We should note that, because only trials with a correct T1 were used to determine T2 performance, the number of available trials varies as a function of lag. In particular at lag 0 ms, 10–15% less trials were available than at other lags. Also in the following experiments, reductions up to 18% occur, also at lag 0 ms. This could have as effect that T2 results at lag 0 ms are less reliable than at other lags. Such a trend is however not reflected in the dependence of the size of the confidence interval on lag, and we also did not expect this given the total number of available trials for the lag 0 ms conditions was always large (more than 34 per participant).
Looking at the letter identification data (see Figure 2A), a performance decrease at lag 0 ms is visible, and performance averaged at 77.78% correctly identified letters over all lags.
Panel (a) Percentage correctly identified letters in the dual-task condition. T1-identification in the dual-task condition was significantly lower for lag 0 ms than for all other lags. Panel (b) T2 detection performance in percentage correct in the single- and dual-task conditions. Dual-task results are based on trials with correctly identified letters. T2-detection in the dual-task condition is significantly lower for lags 0 ms, 160 ms and 320 ms than in the single-task condition. Stars mark significant differences between single- and dual-task condition per lag (p<0.05). Note that in this figure chance level is 50%. Error bars reflect 95% confidence intervals in both panels.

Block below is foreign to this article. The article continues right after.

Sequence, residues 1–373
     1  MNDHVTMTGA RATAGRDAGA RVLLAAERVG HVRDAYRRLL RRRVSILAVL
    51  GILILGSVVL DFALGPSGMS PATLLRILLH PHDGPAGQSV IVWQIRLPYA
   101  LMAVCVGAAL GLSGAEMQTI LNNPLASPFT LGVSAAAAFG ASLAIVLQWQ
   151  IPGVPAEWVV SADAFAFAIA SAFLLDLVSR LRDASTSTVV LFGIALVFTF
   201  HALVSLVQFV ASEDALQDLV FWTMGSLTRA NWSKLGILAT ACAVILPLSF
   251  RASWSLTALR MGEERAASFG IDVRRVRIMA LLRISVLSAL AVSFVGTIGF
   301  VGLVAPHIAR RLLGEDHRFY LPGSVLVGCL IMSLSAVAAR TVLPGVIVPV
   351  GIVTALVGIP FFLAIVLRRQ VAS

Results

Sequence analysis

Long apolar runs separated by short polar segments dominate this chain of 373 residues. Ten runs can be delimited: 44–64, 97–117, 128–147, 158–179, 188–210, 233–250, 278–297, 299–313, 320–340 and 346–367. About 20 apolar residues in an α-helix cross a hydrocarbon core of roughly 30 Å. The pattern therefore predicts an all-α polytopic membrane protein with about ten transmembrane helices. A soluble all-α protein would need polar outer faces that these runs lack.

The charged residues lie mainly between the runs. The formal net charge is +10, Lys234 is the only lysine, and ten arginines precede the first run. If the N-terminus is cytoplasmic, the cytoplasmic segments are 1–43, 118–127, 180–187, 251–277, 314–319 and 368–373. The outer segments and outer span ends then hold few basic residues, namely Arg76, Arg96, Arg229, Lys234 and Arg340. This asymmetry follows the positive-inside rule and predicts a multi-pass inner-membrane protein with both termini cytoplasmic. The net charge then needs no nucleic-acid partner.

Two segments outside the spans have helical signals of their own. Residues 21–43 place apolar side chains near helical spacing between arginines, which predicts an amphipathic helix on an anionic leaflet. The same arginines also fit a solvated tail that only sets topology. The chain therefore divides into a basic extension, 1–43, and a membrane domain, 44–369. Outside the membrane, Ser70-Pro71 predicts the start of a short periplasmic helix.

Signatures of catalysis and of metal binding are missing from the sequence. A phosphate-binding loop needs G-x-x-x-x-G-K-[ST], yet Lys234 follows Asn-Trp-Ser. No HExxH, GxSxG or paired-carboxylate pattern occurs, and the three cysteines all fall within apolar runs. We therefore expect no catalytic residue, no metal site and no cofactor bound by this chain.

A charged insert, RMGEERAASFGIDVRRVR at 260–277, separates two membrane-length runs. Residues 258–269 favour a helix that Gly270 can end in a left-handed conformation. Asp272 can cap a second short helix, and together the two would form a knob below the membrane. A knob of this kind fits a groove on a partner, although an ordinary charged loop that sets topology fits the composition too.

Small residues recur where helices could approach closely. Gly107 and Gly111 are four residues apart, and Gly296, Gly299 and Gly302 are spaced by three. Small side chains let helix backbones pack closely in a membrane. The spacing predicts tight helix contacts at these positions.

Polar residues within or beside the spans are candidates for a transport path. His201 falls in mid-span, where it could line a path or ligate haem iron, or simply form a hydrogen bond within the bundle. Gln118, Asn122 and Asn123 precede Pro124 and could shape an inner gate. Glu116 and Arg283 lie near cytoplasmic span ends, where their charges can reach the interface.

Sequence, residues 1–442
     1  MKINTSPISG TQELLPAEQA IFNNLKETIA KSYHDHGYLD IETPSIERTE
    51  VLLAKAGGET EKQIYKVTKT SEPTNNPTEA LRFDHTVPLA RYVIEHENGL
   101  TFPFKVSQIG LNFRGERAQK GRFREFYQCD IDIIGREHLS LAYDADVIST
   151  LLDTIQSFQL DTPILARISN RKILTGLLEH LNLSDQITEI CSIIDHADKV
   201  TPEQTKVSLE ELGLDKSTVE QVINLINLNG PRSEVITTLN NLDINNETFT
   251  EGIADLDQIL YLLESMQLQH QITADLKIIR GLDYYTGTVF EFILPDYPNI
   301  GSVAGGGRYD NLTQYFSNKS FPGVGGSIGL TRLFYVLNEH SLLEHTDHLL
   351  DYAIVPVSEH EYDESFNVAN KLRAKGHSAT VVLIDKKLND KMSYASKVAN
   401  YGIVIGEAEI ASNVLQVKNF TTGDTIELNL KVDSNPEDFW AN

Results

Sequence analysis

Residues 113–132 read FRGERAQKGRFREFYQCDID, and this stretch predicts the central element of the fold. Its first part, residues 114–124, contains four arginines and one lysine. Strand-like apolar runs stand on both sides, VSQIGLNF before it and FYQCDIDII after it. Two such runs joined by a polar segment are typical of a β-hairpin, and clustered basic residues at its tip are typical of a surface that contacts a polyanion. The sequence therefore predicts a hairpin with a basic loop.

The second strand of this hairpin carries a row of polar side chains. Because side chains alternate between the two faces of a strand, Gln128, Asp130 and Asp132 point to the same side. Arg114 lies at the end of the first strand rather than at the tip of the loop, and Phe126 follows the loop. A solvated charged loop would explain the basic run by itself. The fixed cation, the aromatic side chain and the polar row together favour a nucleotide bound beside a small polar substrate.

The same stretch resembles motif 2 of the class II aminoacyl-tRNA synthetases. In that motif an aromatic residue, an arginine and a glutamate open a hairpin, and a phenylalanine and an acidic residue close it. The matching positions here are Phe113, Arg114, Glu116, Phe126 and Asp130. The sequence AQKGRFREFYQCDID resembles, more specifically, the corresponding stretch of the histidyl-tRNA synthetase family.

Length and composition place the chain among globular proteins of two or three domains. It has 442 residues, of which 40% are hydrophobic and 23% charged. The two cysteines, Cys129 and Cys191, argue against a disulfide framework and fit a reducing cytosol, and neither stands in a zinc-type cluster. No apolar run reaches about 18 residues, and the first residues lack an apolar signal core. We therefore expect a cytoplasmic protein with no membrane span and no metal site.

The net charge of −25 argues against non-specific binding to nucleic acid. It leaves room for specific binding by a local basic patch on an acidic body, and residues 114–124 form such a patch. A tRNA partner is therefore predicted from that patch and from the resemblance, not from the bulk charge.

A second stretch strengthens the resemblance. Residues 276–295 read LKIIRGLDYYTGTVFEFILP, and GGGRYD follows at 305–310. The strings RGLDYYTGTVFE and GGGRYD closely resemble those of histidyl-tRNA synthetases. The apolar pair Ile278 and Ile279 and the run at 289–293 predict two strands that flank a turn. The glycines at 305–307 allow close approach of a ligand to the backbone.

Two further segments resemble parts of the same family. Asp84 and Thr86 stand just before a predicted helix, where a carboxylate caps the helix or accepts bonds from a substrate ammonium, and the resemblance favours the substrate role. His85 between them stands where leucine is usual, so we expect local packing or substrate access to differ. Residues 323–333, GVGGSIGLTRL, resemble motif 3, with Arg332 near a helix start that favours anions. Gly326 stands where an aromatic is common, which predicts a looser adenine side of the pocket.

To evaluate this statistically, six Bonferroni-corrected paired-samples t-tests (α = 0.008) were performed. Results show that T1 identification in the dual-task condition was significantly lower for lag 0 ms than for all other lags (p<0.007).
The data for T2 detection (see Figure 2B) indicate that performance in the single-task condition was better than in the dual-task condition, and markedly so in the earlier lags. Performance averaged at 94.87% correct for the single-task condition versus 83.3% correct in the dual-task condition.